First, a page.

Sierra Madre, a San Gabriel Valley suburb in the orbit of Los Angeles, has a particular history. By contrast, Southern California’s story is big and varied and often difficult to penetrate. Bringing the two together in an examination of how Sierra Madre reflected regional and national experiences—and how its inhabitants interpreted these through local circumstances—provides a handle that makes the whole more approachable. Unlike histories of regions, states, and nations that draw broad strokes at the expense of details about place, this history uses a more intimate scale to illuminate and to connect the dots to a broader cultural understanding.
Peeking out from behind local stories, big historical themes emerge: The Industrial Revolution, Westward expansion after the Civil War, the role of illness in forming regional culture, Americanization policies of the Progressive Era, post-war development. Sierra Madre provides an extraordinary, sharp lens through which to focus on Southern California’s intense allure, its history as a real estate deal, and its racial ambivalence. The context of a specific town—and the personal quest to better one’s life—lends a bottom up perspective that deepens and expands our understanding of the Southern California Story.
What the critics are saying…
"In Southern California Story: Seeking the Better Life in Sierra Madre, Michele Zack again delivers urban history at its best. As with Altadena, she pays her subject the tribute of extensive research and lively narrative. Whether it be people, politics, water, the environment, or social and racial issues, Zack places Sierra Madre’s story in a regional and national context—so that this history encompasses the range and richness of Southern California for those seeking a better life. Here is a regional history that offers us real insight into American life."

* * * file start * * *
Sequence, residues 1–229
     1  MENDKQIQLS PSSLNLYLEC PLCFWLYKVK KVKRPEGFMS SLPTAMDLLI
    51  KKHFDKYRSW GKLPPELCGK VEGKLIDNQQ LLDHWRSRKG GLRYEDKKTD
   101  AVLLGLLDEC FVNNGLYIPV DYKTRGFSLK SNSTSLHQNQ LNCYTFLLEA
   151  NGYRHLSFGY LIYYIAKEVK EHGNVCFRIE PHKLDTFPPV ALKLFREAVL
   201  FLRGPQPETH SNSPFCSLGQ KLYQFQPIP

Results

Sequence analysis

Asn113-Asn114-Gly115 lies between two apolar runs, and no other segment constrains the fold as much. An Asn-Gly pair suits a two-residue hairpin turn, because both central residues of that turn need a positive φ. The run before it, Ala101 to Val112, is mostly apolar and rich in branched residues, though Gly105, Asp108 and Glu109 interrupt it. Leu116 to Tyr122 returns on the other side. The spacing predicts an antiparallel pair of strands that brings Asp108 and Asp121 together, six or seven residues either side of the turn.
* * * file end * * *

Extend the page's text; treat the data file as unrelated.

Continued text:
—Dr. Kevin Starr, author of the California Dream series
"Magnificently illustrated with photographs, maps, and works of art, this book will please all who love Southern California and its environment. Michele Zack, local historian, fills her history of Sierra Madre with fascinating information while also showing how it relates it to larger historical developments."
—Daniel Walker Howe, 2008 Pulitzer Prize-winning author of What Hath God Wrought: The Transformation of America, 1815-1848.
About the author…
Michele Zack has been a writer/journalist for 25+ years.
In 2011, she joined the The Huntington-USC Instititute on California and the West (ICW) as Senior Advisor, Local History and K-12 Outreach. ICW pairs a great research university (USC) with a great research library (The Huntington) for a number of projects in doctoral education, public outreach, and thematic and innovative investigations of Western History.
Her appointment followed years of work with ICW director Bill Deverell on three federal Teaching American History grants that provide professional development for k-12 history teachers.
"My role is to connect local history to broad historical themes, which I will continue to do. Now I have an academic home, and welcome the affiliation to such a prestigious institution," she says.
Her book Altadena: Between Wilderness and City was recognized in 2005 for excellence by the American Association of State and Local History, and in 2006 she received the Donald Pflueger Award from the Historical Society of Southern California.
Eaton’s Water, a film about local pioneers and water development, was adapted from Zack’s short story and is used in local classrooms. Currently, she partners with the Huntington-USC Institute on California and the West and Pasadena Unified School District on a federal Teaching American History grant. Her role is to help educators integrate local, California, and United States history.
In the 1990s she lived in Thailand and California as AsiaWeek’s correspondent, and was a regular contributor to Far Eastern Economic Review. The author of a popular ethnography of a wandering hill tribe in Southeast Asia and co-author of Fielding's Guide to Thailand, Zack has written widely about Southeast Asia, and worked as speech writer for more than one Thai Prime Minister.
Currently, she's working on several new projects and writing for Altadenablog. In addition, she serves on the board of directors for Altadena Heritage.